In the lakehouse, I've eschewed a nautical vibe (navy stripes, anchor motifs, and chunks of coral) and pulled my colour inspiration from the water, layering in subtle textures inspired by the surrounding nature ("beach glass" finishes, soft white and wood stains, etc).  Combined with mid-century modern teak and walnut, the overall look isn't your typical lakehouse decor.  With the sailboat, however, I'm leaning toward a slightly more nautical palette of blues - with some classic coastal touches, because I'm sure our yacht club membership will be revoked without at least one requisite anchor motif (ahoy!) 

I created a secret Pinterest board for boat stuff and I've been pinning any rooms/images/colors that in some way evoke the look I'm after.  Unless I cave and just buy aqua upholstery (no promises), this is what is inspiring me right now:

Earthy modern dining room in shades of blue and grey
MyDomaine
Grey blue and teak dining room decor
MyDomaine
Grey and cream bedroom with earthy touches
MyDomaine
Uncluttered bedroom with soothing color palette
HGTV
Amber Interior Living Room // Love the Live Edge Coffee Table
Amber Interiors
Emily Henderson bedroom
Emily Henderson
New Darlings Boho Bedroom
New Darlings
Modern living room with dark grey rug and TV built in
Stories
Earthy living room with neutrals and blue
New Zealand Design Blog
So what am I teasing out from all of these beautiful spaces?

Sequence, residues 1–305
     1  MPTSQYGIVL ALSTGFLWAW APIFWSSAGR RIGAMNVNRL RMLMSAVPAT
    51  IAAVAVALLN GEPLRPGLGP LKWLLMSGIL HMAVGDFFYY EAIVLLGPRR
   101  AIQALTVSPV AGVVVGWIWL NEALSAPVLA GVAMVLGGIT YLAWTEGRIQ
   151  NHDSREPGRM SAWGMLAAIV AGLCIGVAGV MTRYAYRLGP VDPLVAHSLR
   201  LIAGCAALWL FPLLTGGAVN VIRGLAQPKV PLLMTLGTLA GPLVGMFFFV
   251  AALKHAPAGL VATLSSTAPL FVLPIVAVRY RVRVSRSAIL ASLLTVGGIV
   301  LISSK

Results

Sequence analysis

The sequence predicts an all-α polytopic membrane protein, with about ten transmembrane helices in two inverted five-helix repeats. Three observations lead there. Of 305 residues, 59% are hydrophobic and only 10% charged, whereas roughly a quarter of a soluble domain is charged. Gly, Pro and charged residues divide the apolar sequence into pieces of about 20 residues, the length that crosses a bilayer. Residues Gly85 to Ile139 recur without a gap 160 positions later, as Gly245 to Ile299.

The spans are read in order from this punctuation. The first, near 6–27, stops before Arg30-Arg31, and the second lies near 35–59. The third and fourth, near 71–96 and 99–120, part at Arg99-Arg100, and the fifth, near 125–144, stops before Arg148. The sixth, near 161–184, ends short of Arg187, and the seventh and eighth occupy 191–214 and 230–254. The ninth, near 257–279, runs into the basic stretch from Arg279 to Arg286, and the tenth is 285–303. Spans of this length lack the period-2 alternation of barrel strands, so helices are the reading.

• Teak and walnut wood tones (check - we've got lots of beautiful teak woodwork in the boat)
  • Beige and earthy hues (a departure from my love of white walls!)
  • Rich blues and greys (maybe a pop of cobalt, definitely some indigo)
  • Lots of natural elements (think: rattan baskets, jute runner, macrame fruit basket)
  • Brass (yup, I'm embracing brass on the boat)
  • An uncluttered, mid-century feel
  • Textiles with a watery, organic feel (tie dye, shibori, ice dyeing, velvet...?)

I just love these pillow by Rebecca Atwood (that gold zipper detail is perfection):

Rebecca Atwood pillows
Rebecca Atwood
Rebecca Atwood Shibori pillows
Rebecca Atwood
It's a seriously different look for me!  I'm excited to try something new - and kind of trendy - but I'm also incredibly tempted to get bright turquoise upholstery.  Seriously.  I know I keep harping on this, but it is a struggle for me to choose a non-aqua something, when aqua is available.  I think I might need an intervention here...

Hubby, meanwhile, is thrilled by my newfound desire to embrace nautical design - he's even eyeing up our mantle in the lakehouse for a miniature version of our new boat.  So maybe I should forget the aqua and just get fully on board (pun intended) with this new look:


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May 20, 2016

Do You Love/Hate Truncated Posts? P.S. Dans le Lakehouse Has Moved!

After way too many years of forcing people to type "www.dans-le-townhouse.blogspot.com" - which really made no sense once we moved from the townhouse to the lakehouse - I finally, finally switched to my own domain: "www.danslelakehouse.com"!

Celebrating a new URL on Dans le Lakehouse @danslelakehouse

It's so much easier to type and remember - plus it looks pretty.  Is it a sign that you've been blogging too long when you think a URL is pretty??

For you, nothing will change.  All of the old links and the former URL redirect.  But from now on, if you're someone who types in the URL, you can type www.danslelakehouse.com, instead!

In other news, I'm experimenting with truncating my posts (which means including a photo and only part of the text before imploring you to click "read" more to see the rest, instead of leaving posts whole so you can land on the blog and just keep scrolling).  Bloggers and blog readers often have strong opinions on the topic of truncated posts, so below is my reasoning - but then I'd love your input!